Full Program | LNAM'09 Symposia

Full Program

Friday November 27th 2009

08:30-09:30   Registration + Coffee & croissant

09:30-09:45   Opening

09:45-10:45   Plenary lecture - Trevor Robbins

"Fractionating impulsivity: neuropsychiatric implications"

10:45-12:30   Short talks by Lemanic Neuroscientists (10 x 10’)


12:30-14:15   Sandwich Lunch + Poster session


14:15-16:00   Symposia (3x20' or 4x15' presentations + 45' round table)

16:00-16:30   Coffee break

16:30-17:45   Short talks by Lemanic Neuroscientists (7 x 10’)

17:45-18:45   Plenary lecture - Mathias Jucker

"The prion-aspect of Alzheimer´s disease"

18:45-19:00   Poster Prizes "Fonds Jean Falk-Vairant"

                     Closing remarks

19:00-20:00   Apèro in poster rooms

20:00-21:30   Dinner in hotel restaurant

21:30-23:00   DJ in hotel restaurant


LNAM'09 Symposia

1. Psychiatric Neuroscience


Pierre Magistretti (EPFL, UniL)
Dominique Muller (Unige-CMU)


14:15 Pierre Magistretti (EPFL): Strategies du bridge neuroscience and psychiatry
14:35 Dominique Muller (CMU, Unige): Synaptopathies in psychiatry
14:55 Alexandre Dayer (HUG): Neurodevelopmental pathways in psychiatry
15:15 Pierre Marquet (EPFL): Imaging plasticity in psychiatry
15:35 Martin Preisig (CNP, CHUV): Psychiatric epidemiology and neuroscience: a new challange for collaboration


2. Molecular and network regulation of sleep: from rodents to humans


Anita Lüthi (UniL-DBCM)
Michel Mühlethaler (Unige-CMU)
Mehdi Tafti (UniL-CIG)


14:15 Paul Franken (CIG, Unil): Genetic and sleep-wake dependent aspects of EEG slow-waves in mice
14:45 Pierre-Hervé Luppi (CNRS UMR, Lyon): The neuronal network of paradoxical (REM) sleep
15:15 Hans-Peter Landolt (Institute of Pharmacology and Toxicology, Univ. of Zurich): Genetic aspects of sleep-wake regulation in humans
15:45 Discussion


3. Neuroimaging

14:15 Richard Frackowiak (UniL-CHUV): Classifying brain images for medical research
14:35 Christoph Michel (Unige-CMU): Electrical neuroimaging in clinical and cognitive neuroscience
14:55 Jean-Philippe Thiran (EPFL): Towards global brain connectivity analysis by diffusion MRI
15:15 Rolf Gruetter (CIBM): MRI spectroscopy of the human brain
15:35 General Discussion


4. Synaptic mechanisms


Christian Lüscher (Unige-CMU)
Carl Petersen (EPFL)


14:15 Christian Lüscher (CMU, Unige): Synaptic mechanisms of drug addiction
14:45 Graham Knott (EPFL): The dynamics of neuronal structure
15:15 Carl Petersen: Synaptic mechanisms of sensory perception
15:45 General Discussion


5. Neurodegeneration


Patrick Fraering (EPFL)
Panteleimon Giannakopoulos (Unige)


14:15 Patrick C. Fraering (EPFL): Are the amyloid-beta peptides the sole causative agents of Alzheimer’s disease?
14:30 Panteleimon Giannakopoulos (UniGe): Identification of biological markers of cognitive decline: hopes and limits
14:45 Gabriel Gold (UniGe): Sorting out the clinical consequences of vascular burden in brain aging
15:00 Dirk Beher (Head of Neurobiology Merck Serono): Drug discovery for Neurodegenerative Diseases and its Challenge
15:15 Round table discussion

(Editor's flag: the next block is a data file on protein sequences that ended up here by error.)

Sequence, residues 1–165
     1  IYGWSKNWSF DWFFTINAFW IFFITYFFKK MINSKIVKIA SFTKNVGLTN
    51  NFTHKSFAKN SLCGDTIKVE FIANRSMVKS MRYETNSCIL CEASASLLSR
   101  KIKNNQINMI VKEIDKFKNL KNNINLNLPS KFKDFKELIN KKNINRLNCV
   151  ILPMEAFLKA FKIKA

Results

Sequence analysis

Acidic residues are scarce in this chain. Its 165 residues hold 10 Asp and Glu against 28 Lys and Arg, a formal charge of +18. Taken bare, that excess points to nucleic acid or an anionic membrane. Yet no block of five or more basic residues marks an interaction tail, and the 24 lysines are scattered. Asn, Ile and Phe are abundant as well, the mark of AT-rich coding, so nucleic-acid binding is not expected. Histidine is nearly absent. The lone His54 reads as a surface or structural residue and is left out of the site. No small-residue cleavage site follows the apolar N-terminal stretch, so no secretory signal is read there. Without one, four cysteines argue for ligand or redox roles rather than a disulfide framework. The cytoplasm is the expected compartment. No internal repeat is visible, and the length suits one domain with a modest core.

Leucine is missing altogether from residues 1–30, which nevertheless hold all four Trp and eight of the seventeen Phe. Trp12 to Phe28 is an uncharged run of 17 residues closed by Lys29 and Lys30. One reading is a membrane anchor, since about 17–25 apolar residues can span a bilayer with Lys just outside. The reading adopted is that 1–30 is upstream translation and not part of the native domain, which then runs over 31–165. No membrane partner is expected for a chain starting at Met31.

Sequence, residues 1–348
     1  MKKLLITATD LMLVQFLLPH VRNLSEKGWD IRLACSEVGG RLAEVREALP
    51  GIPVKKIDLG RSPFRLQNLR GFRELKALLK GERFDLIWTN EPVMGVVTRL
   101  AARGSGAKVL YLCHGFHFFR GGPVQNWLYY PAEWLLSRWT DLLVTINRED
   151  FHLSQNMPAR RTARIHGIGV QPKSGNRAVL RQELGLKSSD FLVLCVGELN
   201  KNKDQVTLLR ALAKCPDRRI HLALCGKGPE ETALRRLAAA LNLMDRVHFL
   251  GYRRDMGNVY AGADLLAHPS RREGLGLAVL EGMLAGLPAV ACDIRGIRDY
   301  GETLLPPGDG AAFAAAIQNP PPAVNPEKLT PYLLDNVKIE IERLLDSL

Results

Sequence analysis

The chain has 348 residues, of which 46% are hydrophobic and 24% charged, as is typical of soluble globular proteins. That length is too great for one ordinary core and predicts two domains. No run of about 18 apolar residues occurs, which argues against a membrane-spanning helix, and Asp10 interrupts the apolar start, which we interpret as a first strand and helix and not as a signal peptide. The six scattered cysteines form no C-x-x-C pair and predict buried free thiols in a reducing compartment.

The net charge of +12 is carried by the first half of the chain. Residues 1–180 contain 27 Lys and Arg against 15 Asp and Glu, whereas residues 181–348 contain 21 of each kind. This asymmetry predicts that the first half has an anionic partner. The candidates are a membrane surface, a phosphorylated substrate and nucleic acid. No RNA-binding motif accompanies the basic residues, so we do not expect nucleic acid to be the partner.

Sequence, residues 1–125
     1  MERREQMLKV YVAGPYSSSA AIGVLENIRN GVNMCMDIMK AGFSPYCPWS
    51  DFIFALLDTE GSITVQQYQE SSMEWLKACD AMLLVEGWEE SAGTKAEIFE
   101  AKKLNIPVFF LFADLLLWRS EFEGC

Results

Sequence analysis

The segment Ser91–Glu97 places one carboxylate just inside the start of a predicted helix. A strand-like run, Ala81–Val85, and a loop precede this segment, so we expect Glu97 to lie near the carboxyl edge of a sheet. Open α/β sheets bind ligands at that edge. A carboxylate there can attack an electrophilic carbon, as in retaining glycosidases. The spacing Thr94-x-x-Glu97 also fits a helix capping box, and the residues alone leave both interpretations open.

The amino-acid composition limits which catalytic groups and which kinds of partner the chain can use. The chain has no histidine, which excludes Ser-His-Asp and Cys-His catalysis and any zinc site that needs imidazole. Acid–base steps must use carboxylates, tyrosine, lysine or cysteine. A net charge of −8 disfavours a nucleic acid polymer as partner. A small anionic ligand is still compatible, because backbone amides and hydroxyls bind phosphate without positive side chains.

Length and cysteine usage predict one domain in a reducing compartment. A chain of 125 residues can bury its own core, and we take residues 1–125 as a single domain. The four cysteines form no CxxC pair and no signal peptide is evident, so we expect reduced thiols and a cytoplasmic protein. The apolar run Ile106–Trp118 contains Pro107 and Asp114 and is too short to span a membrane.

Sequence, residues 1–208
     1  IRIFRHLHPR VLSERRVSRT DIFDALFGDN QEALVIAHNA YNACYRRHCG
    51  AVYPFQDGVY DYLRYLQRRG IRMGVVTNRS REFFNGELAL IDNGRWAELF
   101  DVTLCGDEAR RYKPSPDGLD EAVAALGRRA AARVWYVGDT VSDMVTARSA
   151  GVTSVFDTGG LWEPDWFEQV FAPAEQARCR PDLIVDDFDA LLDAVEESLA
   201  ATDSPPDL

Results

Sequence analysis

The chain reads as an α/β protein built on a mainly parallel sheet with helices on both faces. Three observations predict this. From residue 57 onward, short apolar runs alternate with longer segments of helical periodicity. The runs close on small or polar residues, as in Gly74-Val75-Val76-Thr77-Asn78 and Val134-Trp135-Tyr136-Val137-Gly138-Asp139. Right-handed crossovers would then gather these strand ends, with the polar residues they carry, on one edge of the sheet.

6. Neurorehabilitation and cerebral plasticity

Armin Schnider (Unige-HUG): Rehabilitation of motor function
Stephanie Clarke (UniL-CHUV): Rehabilitation of cognitive functions


7. Emotions: Everything you always wanted to know about the amygdala (and were never told)


Nouchine Hadjikhani (EPFL)
Patrik Vuilleumier (Unige-CMU)


14:15 David Sander (FAPSE): Neuropsychology of affective relevance in amygdala
14:45 Nouchine Hadjikhani (EPFL): The role of amygdala in autism
15:15 Patrik Vuilleumier (CMU & HUG): Attention and awareness in amygdala response
15:45 General Discussion


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Keynote speakers

Prof. Mathias Jucker

Hertie Institute for Clinical Brain Research, Dept. of Cellular Neurology, Tübingen, Germany

The prion-aspect of Alzheimer´s disease


At the Department of Cellular Neurology we are studying the cellular and molecular mechanisms reponsible for brain aging and the question why some people develop dementia at an advanced age. At the centre of our research is the most common and severe form of dementia, Alzheimer's disease. The pathological hallmarks are misfolded proteins which form so-called amyloid plaques and neurofibrillary tangles in the brain of the patients and irreversably destroy brain cell tissue.

We have succeeded in generating mouse models which develop these lesions and thus mimic the disease process in humans. First promising experiments to prevent amyloid deposits in the brains of these mice have taken us one important step closer to a possible Alzheimer therapy.


Prof. Trevor Robbins

Department of Experimental Psychology, University of Cambridge, UK

Fractionating impulsivity: neuropsychiatric implications


Trevor Robbins was appointed in 1997 as the Professor of Cognitive Neuroscience at the University of Cambridge. He was elected to the Chair of Expt. Psychology (and Head of Department) at Cambridge from October 2002. He is also Director of the newly-established Cambridge MRC Centre in Behavioural and Clinical Neuroscience, the main objective of which is to inter-relate basic and clinical research in Psychiatry and Neurology for such conditions as Parkinson’s, Huntington’s, and Alzheimer’s diseases, frontal lobe injury, schizophrenia, depression, drug addiction and developmental syndromes such as attention deficit/hyperactivity disorder.

He has been included on a list of the 100 most cited neuroscientists by ISI. He has published nearly five hundred full papers in scientific journals and has co-edited three books (Psychology for Medicine: The Prefrontal Cortex; Executive and Cognitive Function, and Disorders of Brain and Mind).


FBM Doctoral School - Amphipôle 316 - CH-1015 Lausanne
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